Social distancing is a must, but should not block the science! Due to COVID-19, you have been impacted by the cancellation of conferences and are losing the chance to connect and to present your research. Therefore the lipidomics.at team is embracing the opportunity to present at virtual platforms. Updates where we go and present can be found here, please join to engage and discuss. We are also hosting regularly own seminars on Thursdays, please contact us for more information.
The lysosome is the central lytic organelle of mammalian cells. After it has been regarded for decades as a static and unregulated “cellular waste bag”, it is becoming more and more apparent, that the lysosome is a dynamic and regulated organelle, which is playing a central role in cellular metabolism. This is further underlined by the fact, that malfunctions of lysosomal hydrolases result in a group of >70 rare inherited diseases, so-called lysosomal storage disorders, and that lysosomes can play a decisive role in more common conditions such as cancer and neurodegenerative diseases. We are investigating the composition of lysosomes as well as the lysosomal response to various disease pathologies using mass spectrometry based proteomics. In particular, we optimized strategies for lysosomal enrichment, the proteomic characterization of lysosomal and lysosome-interacting proteins, and the identification of novel lysosomal proteins. Using Quantification Concatemers (QConCats), we generated absolutely quantified stable isotope labeled internal standards for the absolute quantification of lysosomal protein copy numbers and developed a multiple reaction monitoring (MRM) assay covering ~400 peptides from 143 proteins. Analysis of cell lines, isolated lysosomes, and mouse tissues revealed a dynamic range of several orders of magnitude for individual lysosomal proteins and organ-specific abundance profiles. For a better understanding of lysosomal protein-protein interactions and structures, we performed cross linking mass spectrometry experiments with isolated lysosomes. We were able to identify ~4300 cross links from >1300 proteins including 882 interactions for lysosomal and lysosome-associated proteins. This enabled us to identify novel interaction partners, to validate known structures, and to propose novel structures for lysosomal proteins and protein complexes. Taken together, these data provide us with a better view of lysosomal composition, providing valuable information for a better understanding of lysosomal function.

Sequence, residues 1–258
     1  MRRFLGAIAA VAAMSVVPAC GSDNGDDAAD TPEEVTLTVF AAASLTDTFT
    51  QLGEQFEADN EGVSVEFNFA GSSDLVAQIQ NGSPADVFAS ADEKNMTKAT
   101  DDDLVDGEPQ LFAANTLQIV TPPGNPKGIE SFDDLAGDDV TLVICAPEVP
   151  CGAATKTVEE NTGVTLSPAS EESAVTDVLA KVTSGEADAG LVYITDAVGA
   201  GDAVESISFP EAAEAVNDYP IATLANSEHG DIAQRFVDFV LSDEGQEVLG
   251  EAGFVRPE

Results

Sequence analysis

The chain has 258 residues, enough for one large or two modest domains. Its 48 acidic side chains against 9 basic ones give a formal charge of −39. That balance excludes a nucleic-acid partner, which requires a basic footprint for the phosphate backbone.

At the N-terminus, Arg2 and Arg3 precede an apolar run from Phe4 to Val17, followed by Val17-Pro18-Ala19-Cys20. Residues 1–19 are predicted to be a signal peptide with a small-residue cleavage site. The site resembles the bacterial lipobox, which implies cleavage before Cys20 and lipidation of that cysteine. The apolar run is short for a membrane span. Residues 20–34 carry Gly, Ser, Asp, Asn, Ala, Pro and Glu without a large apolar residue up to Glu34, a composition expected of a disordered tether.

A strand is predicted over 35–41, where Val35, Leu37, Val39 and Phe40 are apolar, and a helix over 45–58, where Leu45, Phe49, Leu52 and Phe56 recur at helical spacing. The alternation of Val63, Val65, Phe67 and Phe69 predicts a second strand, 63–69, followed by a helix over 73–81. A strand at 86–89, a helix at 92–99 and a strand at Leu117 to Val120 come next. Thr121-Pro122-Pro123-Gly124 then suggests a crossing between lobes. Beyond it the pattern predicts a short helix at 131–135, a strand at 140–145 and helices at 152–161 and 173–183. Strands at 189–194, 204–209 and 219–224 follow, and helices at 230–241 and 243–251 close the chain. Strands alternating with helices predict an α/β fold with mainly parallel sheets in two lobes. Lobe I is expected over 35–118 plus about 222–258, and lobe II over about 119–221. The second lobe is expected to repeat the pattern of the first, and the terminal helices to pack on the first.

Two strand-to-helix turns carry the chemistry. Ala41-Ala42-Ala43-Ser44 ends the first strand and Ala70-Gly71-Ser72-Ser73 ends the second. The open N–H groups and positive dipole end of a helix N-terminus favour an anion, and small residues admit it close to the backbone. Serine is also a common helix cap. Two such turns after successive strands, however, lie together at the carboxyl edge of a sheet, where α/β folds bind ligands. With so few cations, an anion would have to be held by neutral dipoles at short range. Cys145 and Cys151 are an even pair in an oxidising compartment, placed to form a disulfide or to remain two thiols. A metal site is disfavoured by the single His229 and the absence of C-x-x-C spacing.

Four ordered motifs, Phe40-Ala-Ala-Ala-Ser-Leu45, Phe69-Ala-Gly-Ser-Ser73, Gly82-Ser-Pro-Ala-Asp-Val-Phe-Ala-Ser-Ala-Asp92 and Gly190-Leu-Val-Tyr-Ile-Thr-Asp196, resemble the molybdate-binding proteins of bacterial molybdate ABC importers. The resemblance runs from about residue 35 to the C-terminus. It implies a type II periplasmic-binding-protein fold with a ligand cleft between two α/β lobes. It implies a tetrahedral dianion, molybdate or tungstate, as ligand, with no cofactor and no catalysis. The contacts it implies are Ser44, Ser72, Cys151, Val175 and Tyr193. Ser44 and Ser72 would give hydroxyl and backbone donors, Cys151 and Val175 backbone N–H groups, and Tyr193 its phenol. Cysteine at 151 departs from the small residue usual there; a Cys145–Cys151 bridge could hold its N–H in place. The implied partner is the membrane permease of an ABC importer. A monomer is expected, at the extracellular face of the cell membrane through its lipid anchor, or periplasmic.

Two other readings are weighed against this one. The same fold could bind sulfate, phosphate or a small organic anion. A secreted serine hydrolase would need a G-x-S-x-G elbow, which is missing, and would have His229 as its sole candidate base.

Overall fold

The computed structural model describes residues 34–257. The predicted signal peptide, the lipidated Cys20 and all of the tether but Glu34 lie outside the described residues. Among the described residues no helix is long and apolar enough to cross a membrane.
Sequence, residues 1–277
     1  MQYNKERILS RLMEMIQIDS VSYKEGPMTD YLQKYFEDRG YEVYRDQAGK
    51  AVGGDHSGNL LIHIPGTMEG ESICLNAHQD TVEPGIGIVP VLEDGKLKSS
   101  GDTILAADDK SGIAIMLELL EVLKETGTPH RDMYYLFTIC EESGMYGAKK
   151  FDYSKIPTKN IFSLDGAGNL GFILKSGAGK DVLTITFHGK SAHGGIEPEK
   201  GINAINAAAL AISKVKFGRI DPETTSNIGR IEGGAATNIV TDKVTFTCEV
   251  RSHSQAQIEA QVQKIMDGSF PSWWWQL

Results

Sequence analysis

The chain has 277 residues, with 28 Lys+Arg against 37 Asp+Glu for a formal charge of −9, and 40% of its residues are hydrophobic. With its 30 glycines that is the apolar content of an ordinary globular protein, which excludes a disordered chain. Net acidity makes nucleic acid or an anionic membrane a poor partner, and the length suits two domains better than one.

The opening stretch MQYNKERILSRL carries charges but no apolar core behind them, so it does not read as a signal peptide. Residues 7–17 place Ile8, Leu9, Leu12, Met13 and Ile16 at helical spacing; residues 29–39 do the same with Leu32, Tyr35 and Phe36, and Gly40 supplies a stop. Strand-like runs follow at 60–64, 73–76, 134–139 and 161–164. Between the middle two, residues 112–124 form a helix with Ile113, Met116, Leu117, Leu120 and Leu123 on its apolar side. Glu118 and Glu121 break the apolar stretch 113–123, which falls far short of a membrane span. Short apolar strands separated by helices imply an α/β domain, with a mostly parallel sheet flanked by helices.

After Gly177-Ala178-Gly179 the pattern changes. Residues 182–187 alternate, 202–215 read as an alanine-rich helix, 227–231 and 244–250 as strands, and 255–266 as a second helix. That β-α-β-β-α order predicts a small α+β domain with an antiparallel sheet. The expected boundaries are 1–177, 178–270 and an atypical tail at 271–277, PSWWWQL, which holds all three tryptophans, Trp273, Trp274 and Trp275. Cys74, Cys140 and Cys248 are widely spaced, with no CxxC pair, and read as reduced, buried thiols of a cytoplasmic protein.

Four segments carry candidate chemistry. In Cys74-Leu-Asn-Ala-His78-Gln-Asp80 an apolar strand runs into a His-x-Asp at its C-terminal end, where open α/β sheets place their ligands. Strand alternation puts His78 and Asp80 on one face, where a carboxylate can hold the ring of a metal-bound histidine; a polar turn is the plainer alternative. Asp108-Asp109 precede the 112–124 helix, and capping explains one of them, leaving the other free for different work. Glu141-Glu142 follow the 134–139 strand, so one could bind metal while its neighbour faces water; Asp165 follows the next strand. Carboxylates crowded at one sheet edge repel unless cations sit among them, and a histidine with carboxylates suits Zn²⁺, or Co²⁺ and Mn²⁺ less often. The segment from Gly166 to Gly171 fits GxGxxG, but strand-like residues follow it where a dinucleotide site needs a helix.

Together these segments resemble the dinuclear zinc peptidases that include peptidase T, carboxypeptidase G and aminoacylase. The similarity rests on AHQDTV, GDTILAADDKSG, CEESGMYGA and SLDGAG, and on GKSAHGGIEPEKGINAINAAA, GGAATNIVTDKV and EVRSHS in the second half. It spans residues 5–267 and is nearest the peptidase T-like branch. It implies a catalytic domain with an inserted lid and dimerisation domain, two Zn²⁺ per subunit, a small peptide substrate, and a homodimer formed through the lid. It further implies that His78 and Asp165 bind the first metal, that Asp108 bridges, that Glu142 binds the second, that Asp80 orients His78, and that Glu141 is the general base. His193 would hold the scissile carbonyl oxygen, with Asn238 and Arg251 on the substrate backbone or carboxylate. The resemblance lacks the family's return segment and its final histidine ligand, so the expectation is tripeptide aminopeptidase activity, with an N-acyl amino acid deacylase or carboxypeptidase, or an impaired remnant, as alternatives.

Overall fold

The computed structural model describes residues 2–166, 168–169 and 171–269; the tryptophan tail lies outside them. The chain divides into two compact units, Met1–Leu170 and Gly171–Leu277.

Wien (UNIWIEN) – Resistance of cancer cells against therapeutic agents is a major cause of treatment failure, especially in recurrent diseases. An international team around the biochemists Robert Ahrends from the University of Vienna and Jan Medenbach from the University of Regensburg identified a novel mechanism of chemoresistance which has now been published in “Nature Communications”. It is driven by the Unfolded Protein Response, a cellular stress response pathway that alters gene expression and cellular metabolism to promote adaption and cell survival upon accumulation of unfolded proteins.
There is a broad range of mechanisms associated with chemoresistance, many of which to date are only poorly understood. The so-called cellular stress response – a set of genetic programmes that enable the cells to survive under stressful conditions – plays a key role in the development of numerous diseases and in chemoresistance. A better understanding of the cellular stress response pathways is therefore urgently required to develop new therapeutic concepts to overcome chemoresistance. “In this context, we employed comprehensive analytical approaches to gain deep and molecular insight into the Unfolded Protein Response, a cellular stress reaction induced by unfolded proteins”, says Robert Ahrends, group leader at the Department of Analytical Chemistry of the Faculty of Chemistry.
Unfolded proteins cause stress and disease